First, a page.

Certified CrossFit Coach

Eligibility Requirements


The Certified CrossFit Coach (CCFC) performance evaluation is a one-day assessment of a trainer’s ability to coach CrossFit. Candidates will coach two workouts and be evaluated across six domains and 14 subdomains. This is not an instructional or educational course; it is an evaluation only. Successful candidates earn the designation of Certified CrossFit Coach (CCFC), which is the highest credential CrossFit offers to trainers. This evaluation is for experienced trainers who have been coaching CrossFit in a group setting for several years. The successful candidate is comfortable coaching a group of athletes of varied and unknown skill levels and abilities through any number of movements common to CrossFit.


Candidates must maintain a valid and active Certified CrossFit Trainer (CCFT) credential.

Candidates must possess a current cardiopulmonary resuscitation (CPR) certificate. The following certificates are accepted:

  • Advanced Cardiac Life Support (ACLS)
  • Basic Life Support (BLS) for Healthcare Providers
  • BLS Healthcare Provider Instructor
  • CPR/Automated External Defibrillator (AED) for the Lay Responder
  • CPR/AED for the Professional Rescuer
  • CPR for Professionals
  • Healthcare Provider CPR
  • Emergency Medical Technician (EMT ) and Paramedic Certifications
  • International certificates recognized by the International Liaison Committee on Resuscitation (ILCOR)

All other certificates will be considered on a case-by-case basis.

Note: Only certificates that include AED instruction in the curriculum will be accepted.

Ongoing maintenance of CPR training is required every two years, and proof of a current certificate may be requested by the CrossFit Certification Department at any time.


CrossFit raters will evaluate each candidate using the following six domains:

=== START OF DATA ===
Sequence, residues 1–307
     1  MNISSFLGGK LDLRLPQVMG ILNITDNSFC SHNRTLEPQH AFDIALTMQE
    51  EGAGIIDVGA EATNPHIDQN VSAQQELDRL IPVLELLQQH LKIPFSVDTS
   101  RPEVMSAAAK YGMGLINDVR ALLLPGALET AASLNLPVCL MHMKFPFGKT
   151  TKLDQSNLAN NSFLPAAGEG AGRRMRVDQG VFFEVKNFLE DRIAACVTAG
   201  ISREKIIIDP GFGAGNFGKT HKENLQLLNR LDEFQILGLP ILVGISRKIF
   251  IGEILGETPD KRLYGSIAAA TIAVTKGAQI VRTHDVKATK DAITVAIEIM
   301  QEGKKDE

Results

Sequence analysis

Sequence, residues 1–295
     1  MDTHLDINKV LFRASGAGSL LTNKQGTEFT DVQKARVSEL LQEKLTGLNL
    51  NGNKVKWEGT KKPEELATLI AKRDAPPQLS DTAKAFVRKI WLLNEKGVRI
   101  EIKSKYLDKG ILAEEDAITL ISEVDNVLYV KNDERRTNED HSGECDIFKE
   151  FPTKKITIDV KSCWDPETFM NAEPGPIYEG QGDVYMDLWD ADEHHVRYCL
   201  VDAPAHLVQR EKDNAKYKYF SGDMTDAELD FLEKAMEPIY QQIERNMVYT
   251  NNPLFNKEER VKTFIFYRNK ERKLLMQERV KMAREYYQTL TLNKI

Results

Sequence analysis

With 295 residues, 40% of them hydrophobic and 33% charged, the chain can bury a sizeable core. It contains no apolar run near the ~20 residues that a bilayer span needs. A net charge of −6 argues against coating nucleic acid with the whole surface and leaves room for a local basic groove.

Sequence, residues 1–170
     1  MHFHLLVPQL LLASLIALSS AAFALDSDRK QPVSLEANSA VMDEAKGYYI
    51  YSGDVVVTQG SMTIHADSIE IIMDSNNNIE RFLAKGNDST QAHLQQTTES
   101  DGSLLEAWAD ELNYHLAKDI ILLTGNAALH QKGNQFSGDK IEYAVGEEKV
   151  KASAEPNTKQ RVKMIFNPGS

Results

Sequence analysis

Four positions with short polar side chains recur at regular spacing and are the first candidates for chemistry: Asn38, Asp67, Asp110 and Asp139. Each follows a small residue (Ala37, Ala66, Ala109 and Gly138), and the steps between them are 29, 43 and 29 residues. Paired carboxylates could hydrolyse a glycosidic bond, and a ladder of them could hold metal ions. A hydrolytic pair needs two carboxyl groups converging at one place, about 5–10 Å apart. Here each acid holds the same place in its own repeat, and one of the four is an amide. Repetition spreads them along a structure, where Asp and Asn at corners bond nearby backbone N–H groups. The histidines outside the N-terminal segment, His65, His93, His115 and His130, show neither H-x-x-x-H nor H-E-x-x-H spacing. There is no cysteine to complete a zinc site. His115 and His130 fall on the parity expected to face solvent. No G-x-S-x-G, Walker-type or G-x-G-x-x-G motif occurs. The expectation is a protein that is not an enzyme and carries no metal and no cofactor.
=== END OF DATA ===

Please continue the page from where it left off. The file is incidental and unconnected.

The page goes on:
• Teaching: The ability to clearly and accurately communicate the essential elements of each movement.
    • The information is clear and complete, and movement demonstation is effective.
    • The information is provided in an organized, succinct, and clear manner.
  • Seeing: The ability to discern sound from unsound movement mechanics and identify both gross and subtle faults.
    • Movement faults are identified in static positions.
    • Movement faults are identified in dynamic movement.
  • Correcting: The ability to facilitate optimal mechanics for any level of athlete within a training session; the ability to make a tangible, visible difference for more efficient, effective, and safe movement.
    • Tangible and visual differences are made so static positions more efficient, effective, and safe.
    • Tangible and visual differences are made so dynamic movements more efficient, effective, and safe.
    • Effective communication and prioritization are used to make noticable improvements.
  • Group Management: The ability to organize and manage small group training sessions to optimize flow and participant experience.
    • Time is effectively managed in order to run a successful class within a 1-hour period.
    • Optimal communication and organization allow for effective coaching of all athletes within the class.
  • Presence and Attitude: The ability to create a positive and engaging learning environment for any athlete.
    • All athletes are engaged and rapport is developed in order to create an enjoyable class environment.
    • Athletes are provided with empathy and respect to keep the class positive and engaging.
  • Application: The ability to maximize the safety, efficacy, and efficiency of results while coaching others.
    • Threshold training is applied effectively in order to balance technical improvements and relative intensity.
    • Athletes are scaled appropriately based on skill level or physical abilities.
    • There is an appropriate use of warm-ups and cool-downs.